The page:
Lipid and fatty acid digestibility in Calanus copepod and krill oil by Atlantic halibut (Hippoglossus hippoglossus L.)
Journal article, Peer reviewed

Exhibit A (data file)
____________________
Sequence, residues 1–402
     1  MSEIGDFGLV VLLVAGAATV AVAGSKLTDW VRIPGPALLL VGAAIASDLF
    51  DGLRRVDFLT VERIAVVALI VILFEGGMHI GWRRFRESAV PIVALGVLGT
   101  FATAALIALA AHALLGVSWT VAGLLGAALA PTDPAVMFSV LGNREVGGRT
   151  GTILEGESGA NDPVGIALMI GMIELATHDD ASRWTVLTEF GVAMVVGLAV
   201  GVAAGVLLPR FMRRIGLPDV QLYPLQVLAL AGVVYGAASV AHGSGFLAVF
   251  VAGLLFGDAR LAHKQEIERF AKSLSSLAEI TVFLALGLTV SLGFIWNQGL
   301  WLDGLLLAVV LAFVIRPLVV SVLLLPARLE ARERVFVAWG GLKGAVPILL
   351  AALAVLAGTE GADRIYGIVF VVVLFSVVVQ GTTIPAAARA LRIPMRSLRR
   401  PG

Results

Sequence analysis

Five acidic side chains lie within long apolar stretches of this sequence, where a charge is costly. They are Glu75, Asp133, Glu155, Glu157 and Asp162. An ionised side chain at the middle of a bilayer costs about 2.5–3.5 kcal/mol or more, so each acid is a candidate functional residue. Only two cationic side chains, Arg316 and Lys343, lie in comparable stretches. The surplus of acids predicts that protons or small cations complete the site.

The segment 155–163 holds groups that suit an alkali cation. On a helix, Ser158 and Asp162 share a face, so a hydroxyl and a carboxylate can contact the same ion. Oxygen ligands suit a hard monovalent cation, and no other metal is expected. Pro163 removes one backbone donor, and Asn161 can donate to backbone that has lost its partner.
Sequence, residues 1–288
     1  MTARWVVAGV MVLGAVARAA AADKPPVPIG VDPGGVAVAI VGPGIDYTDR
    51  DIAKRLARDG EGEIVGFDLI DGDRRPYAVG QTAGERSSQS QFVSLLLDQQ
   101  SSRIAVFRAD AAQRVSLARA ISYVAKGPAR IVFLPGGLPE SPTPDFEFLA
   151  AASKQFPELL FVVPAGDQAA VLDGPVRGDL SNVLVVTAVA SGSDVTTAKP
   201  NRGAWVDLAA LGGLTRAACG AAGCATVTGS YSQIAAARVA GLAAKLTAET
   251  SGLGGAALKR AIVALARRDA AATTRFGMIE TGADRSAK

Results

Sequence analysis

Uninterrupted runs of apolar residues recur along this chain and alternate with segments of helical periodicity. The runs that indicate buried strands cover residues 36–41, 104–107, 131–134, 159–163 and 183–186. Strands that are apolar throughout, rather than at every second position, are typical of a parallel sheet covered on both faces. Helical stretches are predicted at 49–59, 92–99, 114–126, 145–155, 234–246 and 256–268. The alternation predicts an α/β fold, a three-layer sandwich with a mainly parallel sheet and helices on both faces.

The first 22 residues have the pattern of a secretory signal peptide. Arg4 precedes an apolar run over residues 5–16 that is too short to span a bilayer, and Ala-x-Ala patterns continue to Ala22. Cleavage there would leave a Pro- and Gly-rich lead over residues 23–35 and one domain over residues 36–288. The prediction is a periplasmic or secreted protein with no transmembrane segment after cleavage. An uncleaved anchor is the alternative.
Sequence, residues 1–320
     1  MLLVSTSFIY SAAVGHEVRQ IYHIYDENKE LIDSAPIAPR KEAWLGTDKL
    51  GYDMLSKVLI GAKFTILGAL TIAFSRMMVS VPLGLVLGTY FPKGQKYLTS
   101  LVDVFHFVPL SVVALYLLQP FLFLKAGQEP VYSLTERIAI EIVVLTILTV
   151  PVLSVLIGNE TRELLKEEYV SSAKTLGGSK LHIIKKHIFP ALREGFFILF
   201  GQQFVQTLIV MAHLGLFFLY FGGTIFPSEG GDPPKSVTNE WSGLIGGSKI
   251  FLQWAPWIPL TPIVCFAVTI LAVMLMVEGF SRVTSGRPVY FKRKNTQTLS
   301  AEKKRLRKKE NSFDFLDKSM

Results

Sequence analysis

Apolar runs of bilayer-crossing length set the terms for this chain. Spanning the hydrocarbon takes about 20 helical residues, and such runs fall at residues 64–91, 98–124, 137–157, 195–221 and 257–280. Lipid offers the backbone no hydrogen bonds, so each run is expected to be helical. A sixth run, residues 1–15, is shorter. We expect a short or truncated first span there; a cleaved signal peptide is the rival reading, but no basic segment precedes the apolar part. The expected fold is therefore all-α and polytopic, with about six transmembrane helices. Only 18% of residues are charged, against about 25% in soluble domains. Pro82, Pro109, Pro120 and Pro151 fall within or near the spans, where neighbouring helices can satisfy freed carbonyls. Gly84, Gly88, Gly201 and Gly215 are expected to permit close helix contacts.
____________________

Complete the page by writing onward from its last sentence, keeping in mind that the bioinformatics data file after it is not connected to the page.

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Marine zooplankton represent a significant biomass of marine lipid that could supply lipid in diets for farmed marine fish. Digestibility of lipid and fatty acids of the copepod, Calanus finmarchicus and Antarctic krill, Euphausia superba by farmed juvenile Atlantic halibut (Hippoglossus hippoglossus) was investigated. Halibut were fed diets containing one of the following test oils at 15% inclusion level: fish oil (FO), Calanus copepod oil (CO) and Euphausia krill oil (KO). KO contained the highest level of saturates (SFA; 39%) and monounsaturates (MUFA; 38%), and was low in polyunsaturated fatty acids (PUFA; 24%) compared to CO (50%) and FO (43%). CO and FO contained lower levels of SFA (31% and 33%, respectively) and MUFA (19% and 24%, respectively). Lipid digestibility of the CO diet (81%) was significantly lower than that of KO (90%) and FO (93%) diets (P < 0.05), likely due to wax esters in CO. Digestibility of SFA in the CO diet (70%) was significantly lower than FO (75%) and KO (77%) and MUFA in CO (84%) was significantly lower than KO (93%) and FO (93%). Digestibility of PUFA was significantly higher in FO (97%) than CO (94%) and KO (95%). Generally the CO diet was significantly less digestible than FO and KO diets.